Process mapping for professional services
27 July 2021
‘Every customer is different’ or ‘we pride ourselves on a personal service’ are statements you’ll hear from many professional service businesses.
Treating every customer differently is fine. To an extent. You need to ensure that standard procedures are set and followed to ensure that you can treat your customers differently.
Having a framework that allows for a personal service ensures that your standards never dip below an expected level of quality.
The bare necessities
When you’re reviewing a very personal service, it can be daunting when beginning to create a process map or framework to follow.
You need to identify the ‘must haves’ within your business; what is the minimum information that you need from your customers to effectively deal with their enquiry?
This strips things right back and starts with the core processes and how you can effectively deliver them.
This is a great starting point. It gives your team the framework to operate within. Following key milestones and requirements to ensure the customer receives the service they expect.
Adding your flare
Why and how you do what you do is important. These elements of your business are your differentiators.
Whether it’s that extra check-in with a customer to update them on progress or sending them a birthday card, there’ll be little touches in your business that you want to maintain to help you stand out from the crowd.
When creating your process map, you should factor these little touches into your processes and systems to ensure that they are not forgotten or lost amongst the essential elements of your processes.
It may seem unnecessary, but this could turn your one-time customers into repeat customers and even referral partners. Make sure that the standard of service you want to reflect is baked into your processes.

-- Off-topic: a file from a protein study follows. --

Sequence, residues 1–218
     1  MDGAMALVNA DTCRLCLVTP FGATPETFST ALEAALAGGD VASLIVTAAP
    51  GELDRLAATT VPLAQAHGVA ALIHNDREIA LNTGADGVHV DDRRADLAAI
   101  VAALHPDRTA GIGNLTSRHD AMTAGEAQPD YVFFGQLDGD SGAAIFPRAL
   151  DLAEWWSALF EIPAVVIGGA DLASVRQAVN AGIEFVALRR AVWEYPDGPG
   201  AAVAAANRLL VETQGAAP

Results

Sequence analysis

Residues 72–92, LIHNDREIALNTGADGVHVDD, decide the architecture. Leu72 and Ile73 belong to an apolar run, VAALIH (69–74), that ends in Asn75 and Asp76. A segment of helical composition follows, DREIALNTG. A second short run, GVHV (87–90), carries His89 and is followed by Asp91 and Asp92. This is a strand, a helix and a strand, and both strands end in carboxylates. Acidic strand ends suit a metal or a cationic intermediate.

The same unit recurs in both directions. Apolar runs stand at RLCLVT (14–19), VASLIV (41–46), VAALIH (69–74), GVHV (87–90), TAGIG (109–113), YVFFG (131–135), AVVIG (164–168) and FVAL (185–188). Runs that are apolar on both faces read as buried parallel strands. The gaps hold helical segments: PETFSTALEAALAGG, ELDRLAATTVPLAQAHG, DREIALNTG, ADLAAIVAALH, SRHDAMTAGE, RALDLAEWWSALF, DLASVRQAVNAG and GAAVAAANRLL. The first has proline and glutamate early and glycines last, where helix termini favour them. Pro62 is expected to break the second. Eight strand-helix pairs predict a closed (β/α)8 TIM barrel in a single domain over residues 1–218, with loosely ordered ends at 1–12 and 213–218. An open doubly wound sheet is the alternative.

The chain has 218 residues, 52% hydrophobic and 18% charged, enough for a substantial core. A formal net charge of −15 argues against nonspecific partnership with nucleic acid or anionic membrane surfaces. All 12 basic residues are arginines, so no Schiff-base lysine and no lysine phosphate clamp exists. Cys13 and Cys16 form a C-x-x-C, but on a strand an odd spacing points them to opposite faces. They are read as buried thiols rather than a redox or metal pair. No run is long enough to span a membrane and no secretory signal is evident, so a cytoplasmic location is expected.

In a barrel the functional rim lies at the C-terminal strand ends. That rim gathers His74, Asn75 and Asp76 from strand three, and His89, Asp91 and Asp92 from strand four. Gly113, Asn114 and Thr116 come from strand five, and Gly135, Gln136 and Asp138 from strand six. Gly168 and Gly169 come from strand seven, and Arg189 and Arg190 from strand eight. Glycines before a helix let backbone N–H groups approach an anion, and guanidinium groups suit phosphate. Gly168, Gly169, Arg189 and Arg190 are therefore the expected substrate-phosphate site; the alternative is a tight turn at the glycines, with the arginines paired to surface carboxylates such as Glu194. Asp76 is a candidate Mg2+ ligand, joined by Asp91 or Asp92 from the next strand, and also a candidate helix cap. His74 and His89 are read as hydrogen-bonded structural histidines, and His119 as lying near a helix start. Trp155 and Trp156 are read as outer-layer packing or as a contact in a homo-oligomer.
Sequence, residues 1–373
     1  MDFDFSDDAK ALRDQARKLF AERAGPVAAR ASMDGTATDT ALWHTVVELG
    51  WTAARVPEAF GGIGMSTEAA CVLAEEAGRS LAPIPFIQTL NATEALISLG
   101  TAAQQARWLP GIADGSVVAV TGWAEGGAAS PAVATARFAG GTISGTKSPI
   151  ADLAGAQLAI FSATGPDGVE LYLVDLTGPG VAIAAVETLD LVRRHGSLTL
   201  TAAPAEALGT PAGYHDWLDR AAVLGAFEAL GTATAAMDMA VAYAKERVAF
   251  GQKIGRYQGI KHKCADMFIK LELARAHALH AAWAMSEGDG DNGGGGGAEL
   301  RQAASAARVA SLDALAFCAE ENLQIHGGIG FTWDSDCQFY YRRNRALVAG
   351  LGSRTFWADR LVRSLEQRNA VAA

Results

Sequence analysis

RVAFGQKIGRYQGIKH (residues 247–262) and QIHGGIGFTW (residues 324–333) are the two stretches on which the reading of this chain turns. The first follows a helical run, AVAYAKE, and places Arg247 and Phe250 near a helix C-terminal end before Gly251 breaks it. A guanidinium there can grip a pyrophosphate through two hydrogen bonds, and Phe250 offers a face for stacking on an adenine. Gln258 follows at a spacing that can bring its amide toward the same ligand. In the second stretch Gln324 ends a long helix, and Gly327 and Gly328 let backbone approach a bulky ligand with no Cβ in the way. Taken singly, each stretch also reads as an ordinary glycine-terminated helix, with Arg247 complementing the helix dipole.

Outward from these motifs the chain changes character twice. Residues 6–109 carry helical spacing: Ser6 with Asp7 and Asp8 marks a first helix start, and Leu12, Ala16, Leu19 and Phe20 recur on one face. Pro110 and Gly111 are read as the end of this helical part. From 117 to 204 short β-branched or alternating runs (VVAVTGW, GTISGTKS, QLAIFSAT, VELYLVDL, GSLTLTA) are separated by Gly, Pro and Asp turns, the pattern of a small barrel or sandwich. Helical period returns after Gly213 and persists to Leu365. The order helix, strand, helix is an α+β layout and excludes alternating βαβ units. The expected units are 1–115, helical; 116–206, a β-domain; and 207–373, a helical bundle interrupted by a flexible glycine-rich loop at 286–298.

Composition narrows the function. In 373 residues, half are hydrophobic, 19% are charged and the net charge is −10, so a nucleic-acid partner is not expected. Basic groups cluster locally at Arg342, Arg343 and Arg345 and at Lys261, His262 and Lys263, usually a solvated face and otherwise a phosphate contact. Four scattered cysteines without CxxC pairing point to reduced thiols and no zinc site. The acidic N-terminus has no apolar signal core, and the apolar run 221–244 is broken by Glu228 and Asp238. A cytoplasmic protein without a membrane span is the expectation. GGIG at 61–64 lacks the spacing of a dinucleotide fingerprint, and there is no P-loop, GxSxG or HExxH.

Your process documents are never finished. They should evolve, adapt, and grow. Just as your business will.
Set regular checkpoints to review your process documents and identify any problem areas, or perhaps areas where your service level dips.
You should review your process maps as a team, at least every 12 months and preferably every 90 days. A lot can change in that time which could have a huge impact on how your business works.
These process maps should become your operations manual. How you do what you do.
If you’re not sure where to start with a process map, check out Michael’s process map for the sales function – this should help give you an idea of the steps you need to consider.
I’d also recommend looking at Creately. They’ve got a great, easy to use platform that can get you started with your process maps.
If you’d like to discuss process maps further for your business, get in touch. We’re always happy to help and conduct a review of your processes with you.
CRM and Workflow Software
- How to create a simple process map for your business
- A Process Map for the Sales Function
- Measuring productivity: our productivity metrics
- Our Productivity Story
- What is a workflow management system?